Research ArticleGene Therapy

CRISPR-Cas9 gene repair of hematopoietic stem cells from patients with X-linked chronic granulomatous disease

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Science Translational Medicine  11 Jan 2017:
Vol. 9, Issue 372, eaah3480
DOI: 10.1126/scitranslmed.aah3480

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Seamless gene repair with CRISPR

Targeted gene therapy has been hampered by the inability to correct mutations in stem cells that can reconstitute the immune system after transplant into patients. De Ravin et al. now report that CRISPR, a DNA editing technology, corrected blood stem cells from patients with an immunodeficiency disorder (chronic granulomatous disease) caused by mutations in NOX2. CRISPR-repaired human stem cells engrafted in mice after transplant and differentiated into leukocytes with a functional NOX2 protein for up to 5 months. The authors did not detect off-target treatment effects, suggesting that this gene repair strategy may benefit patients with chronic granulomatous disease or other blood disorders.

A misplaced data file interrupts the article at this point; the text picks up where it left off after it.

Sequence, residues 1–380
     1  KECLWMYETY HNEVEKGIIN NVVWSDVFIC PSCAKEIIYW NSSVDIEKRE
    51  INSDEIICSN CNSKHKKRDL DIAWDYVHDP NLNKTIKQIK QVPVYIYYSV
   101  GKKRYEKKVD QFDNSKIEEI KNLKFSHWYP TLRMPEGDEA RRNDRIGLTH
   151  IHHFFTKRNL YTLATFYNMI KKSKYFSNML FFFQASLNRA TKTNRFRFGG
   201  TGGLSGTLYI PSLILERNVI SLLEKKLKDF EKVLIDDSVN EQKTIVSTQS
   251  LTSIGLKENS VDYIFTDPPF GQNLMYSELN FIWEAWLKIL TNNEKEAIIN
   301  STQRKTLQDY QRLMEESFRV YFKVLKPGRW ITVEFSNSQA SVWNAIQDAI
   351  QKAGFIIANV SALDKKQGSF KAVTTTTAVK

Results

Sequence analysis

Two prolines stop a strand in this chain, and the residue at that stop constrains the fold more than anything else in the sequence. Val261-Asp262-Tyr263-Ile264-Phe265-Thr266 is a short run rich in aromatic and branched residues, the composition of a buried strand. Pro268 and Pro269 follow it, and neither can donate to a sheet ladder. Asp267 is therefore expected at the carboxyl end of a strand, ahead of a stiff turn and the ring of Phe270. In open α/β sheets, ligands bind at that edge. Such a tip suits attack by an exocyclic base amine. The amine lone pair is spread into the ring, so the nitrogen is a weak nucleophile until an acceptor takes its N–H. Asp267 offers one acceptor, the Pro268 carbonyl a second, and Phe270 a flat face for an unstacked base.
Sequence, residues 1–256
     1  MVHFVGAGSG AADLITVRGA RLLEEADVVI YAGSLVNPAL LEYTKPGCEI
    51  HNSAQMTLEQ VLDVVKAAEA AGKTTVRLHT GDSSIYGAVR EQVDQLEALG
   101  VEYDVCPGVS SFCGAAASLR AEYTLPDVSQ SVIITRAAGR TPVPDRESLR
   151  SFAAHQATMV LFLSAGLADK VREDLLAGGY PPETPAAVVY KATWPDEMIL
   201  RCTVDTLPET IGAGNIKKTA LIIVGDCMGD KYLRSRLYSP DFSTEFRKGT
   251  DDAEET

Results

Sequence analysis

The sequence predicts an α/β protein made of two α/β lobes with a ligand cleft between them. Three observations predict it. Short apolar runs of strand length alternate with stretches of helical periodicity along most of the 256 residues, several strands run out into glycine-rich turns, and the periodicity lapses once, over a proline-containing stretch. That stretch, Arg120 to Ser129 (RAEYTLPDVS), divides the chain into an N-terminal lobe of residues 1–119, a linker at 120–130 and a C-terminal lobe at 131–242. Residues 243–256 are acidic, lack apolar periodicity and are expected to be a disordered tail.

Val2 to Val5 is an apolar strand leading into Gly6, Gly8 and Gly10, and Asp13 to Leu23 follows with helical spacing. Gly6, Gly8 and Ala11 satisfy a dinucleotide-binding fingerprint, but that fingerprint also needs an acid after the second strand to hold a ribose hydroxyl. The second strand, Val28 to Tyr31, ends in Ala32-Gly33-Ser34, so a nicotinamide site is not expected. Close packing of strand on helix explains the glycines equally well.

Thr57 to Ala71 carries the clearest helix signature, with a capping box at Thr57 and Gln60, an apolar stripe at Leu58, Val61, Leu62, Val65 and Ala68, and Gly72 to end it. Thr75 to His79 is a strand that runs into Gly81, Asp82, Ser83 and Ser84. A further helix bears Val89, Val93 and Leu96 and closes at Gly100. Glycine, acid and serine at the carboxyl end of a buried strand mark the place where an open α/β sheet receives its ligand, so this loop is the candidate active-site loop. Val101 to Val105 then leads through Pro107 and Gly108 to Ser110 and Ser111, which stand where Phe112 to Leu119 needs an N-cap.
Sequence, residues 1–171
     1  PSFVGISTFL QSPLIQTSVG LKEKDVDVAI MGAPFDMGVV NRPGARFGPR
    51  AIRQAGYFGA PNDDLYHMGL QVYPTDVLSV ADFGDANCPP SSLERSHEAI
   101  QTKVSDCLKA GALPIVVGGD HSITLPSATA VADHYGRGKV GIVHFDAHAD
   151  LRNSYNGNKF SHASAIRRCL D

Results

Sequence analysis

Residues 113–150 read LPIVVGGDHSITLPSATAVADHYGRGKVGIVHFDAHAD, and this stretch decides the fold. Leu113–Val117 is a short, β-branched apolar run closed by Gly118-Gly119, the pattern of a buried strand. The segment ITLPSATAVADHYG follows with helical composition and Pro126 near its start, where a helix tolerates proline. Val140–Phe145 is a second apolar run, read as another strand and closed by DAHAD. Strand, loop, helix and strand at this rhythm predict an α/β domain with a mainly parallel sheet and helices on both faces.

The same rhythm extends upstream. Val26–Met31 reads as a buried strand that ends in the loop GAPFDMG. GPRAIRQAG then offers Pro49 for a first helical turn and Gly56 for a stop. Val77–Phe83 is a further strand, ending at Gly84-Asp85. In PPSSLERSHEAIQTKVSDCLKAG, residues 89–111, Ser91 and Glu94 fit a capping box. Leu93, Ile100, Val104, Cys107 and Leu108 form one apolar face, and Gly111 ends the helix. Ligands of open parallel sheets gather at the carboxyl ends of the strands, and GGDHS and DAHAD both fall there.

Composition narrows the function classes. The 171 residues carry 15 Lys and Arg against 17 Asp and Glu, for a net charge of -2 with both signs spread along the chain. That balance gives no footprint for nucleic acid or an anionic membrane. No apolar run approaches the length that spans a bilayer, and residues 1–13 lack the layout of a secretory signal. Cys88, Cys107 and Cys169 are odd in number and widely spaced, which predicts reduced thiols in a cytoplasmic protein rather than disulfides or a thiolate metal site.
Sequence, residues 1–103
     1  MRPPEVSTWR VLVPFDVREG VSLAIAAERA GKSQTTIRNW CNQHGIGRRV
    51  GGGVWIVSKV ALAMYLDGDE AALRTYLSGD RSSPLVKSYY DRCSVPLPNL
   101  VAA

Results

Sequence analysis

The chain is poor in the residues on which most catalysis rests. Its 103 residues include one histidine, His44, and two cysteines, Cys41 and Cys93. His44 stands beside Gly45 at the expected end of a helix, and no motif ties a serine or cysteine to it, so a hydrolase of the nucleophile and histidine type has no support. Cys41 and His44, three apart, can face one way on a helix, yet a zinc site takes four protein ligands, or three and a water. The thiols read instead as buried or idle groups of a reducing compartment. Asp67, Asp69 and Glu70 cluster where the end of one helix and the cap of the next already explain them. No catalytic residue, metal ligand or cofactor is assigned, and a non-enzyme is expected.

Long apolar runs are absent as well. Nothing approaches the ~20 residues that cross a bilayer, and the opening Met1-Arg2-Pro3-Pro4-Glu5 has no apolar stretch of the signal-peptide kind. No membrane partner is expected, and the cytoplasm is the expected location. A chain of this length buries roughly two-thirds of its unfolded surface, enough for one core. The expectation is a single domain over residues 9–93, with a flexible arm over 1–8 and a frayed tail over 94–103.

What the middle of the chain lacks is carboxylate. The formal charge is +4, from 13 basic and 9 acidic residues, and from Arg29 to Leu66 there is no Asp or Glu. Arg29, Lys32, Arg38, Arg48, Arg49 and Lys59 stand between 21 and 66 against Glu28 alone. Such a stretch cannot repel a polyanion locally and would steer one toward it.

Gene repair of CD34+ hematopoietic stem and progenitor cells (HSPCs) may avoid problems associated with gene therapy, such as vector-related mutagenesis and dysregulated transgene expression. We used CRISPR (clustered regularly interspaced short palindromic repeat)/Cas9 (CRISPR-associated 9) to repair a mutation in the CYBB gene of CD34+ HSPCs from patients with the immunodeficiency disorder X-linked chronic granulomatous disease (X-CGD). Sequence-confirmed repair of >20% of HSPCs from X-CGD patients restored the function of NADPH (nicotinamide adenine dinucleotide phosphate) oxidase and superoxide radical production in myeloid cells differentiated from these progenitor cells in vitro. Transplant of gene-repaired X-CGD HSPCs into NOD (nonobese diabetic) SCID (severe combined immunodeficient) γc−/− mice resulted in efficient engraftment and production of functional mature human myeloid and lymphoid cells for up to 5 months. Whole-exome sequencing detected no indels outside of the CYBB gene after gene correction. CRISPR-mediated gene editing of HSPCs may be applicable to other CGD mutations and other monogenic disorders of the hematopoietic system.

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